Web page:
The following editorial appeared in the Minnesota Daily.
There is absolute mayhem at bar close currently in downtown Minneapolis.
“There couldn’t be a worse idea than having all the businesses close at the same time,” says Minneapolis Councilmember Gary Schiff. Indeed, anyone who has been on Hennepin Avenue after 2 a.m. can tell you the current restriction — which disallows downtown restaurants to serve food beyond 2 a.m. — poses a public safety risk by encouraging a large number of people to take to the streets simultaneously. Bar patrons have nowhere they can go to sober up — save, perhaps, a car — because restaurants cannot stay open after bar close.
We agree with Schiff. The current policy is wholly unsound.
The Minneapolis City Council has a chance to place restaurants in downtown Minneapolis on equal footing with restaurants in other Minneapolis communities and, in the process, make downtown nightlife safer. Later this summer, the City Council will consider Schiff’s Late Night Food ordinance amendment, which would allow downtown restaurants to stay open and serve food, even after they stop serving alcohol at 2 a.m.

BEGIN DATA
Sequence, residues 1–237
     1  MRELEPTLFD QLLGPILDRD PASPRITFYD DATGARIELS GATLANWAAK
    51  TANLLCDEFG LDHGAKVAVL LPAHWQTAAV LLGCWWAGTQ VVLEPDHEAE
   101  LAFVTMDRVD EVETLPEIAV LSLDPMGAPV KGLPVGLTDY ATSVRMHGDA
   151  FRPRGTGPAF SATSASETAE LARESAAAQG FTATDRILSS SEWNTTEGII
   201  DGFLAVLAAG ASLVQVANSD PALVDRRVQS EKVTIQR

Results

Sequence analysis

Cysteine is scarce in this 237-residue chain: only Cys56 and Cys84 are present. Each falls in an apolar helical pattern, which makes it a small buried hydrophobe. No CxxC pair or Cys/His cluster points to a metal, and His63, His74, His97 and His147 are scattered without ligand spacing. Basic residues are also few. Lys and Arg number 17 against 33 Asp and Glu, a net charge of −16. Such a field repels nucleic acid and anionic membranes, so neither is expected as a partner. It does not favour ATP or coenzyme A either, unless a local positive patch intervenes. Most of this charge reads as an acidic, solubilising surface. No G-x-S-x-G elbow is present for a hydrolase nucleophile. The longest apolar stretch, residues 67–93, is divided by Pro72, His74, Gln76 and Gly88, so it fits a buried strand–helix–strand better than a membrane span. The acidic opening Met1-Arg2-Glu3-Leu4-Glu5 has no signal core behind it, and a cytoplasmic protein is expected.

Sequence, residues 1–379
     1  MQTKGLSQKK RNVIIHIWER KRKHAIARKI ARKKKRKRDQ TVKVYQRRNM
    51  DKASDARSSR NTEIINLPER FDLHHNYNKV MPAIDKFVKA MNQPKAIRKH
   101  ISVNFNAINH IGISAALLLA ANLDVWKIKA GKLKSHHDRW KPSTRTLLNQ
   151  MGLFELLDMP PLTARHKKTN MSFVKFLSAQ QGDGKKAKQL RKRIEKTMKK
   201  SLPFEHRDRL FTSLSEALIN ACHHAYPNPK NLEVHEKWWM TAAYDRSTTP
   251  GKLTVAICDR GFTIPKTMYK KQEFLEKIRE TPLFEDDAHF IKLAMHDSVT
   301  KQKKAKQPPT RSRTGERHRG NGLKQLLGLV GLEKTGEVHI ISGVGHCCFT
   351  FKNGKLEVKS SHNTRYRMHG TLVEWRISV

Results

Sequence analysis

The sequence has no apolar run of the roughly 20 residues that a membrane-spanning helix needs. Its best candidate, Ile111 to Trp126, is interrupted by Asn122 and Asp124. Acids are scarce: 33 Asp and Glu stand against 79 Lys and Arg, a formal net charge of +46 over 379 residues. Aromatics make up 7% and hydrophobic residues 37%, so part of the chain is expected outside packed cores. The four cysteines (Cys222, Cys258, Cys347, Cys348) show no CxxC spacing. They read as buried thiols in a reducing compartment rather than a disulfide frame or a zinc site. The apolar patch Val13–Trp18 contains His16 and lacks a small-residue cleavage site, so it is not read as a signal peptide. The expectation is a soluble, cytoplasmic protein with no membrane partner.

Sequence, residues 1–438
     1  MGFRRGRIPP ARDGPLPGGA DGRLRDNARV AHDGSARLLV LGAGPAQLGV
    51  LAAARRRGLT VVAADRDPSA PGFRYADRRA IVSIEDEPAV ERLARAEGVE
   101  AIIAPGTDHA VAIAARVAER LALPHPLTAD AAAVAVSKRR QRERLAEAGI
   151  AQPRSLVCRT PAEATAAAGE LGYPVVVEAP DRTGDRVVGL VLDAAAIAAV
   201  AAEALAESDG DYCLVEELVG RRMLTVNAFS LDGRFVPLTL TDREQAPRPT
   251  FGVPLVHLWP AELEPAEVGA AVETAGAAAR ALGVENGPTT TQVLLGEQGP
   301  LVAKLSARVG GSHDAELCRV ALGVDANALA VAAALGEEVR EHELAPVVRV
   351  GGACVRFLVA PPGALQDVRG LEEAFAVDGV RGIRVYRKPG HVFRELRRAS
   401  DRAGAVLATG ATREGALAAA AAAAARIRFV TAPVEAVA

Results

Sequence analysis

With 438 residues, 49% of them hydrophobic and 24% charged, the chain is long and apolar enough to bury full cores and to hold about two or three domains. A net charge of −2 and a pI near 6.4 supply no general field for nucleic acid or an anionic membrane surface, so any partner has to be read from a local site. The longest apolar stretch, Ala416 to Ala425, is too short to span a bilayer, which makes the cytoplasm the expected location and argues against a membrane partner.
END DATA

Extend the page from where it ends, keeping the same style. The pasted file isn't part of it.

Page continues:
Many University of Minnesota students can appreciate this proposal for what it is: a chance to give consumers more choices, not to mention a safer and a more enjoyable late night experience. Restaurants near campus already can — and do — stay open late, giving restaurant owners more business and patrons the good time they are looking for.
A plan similar to the proposed amendment has already worked once in Minneapolis. During the Republican National Convention in 2008, restaurants could apply for special permits to stay open. Those that did saw their profits soar.
Downtown restaurants should be able to offer their menu late at night just as they were allowed to during the RNC and as restaurants in other parts of Minneapolis currently can. Customers should be given the option to continue their merriment after bar close at an eatery of their choice. Everyone in Minneapolis should enjoy safer streets because bar patrons are given the chance to sober up before driving home.
This editorial is reprinted with permission.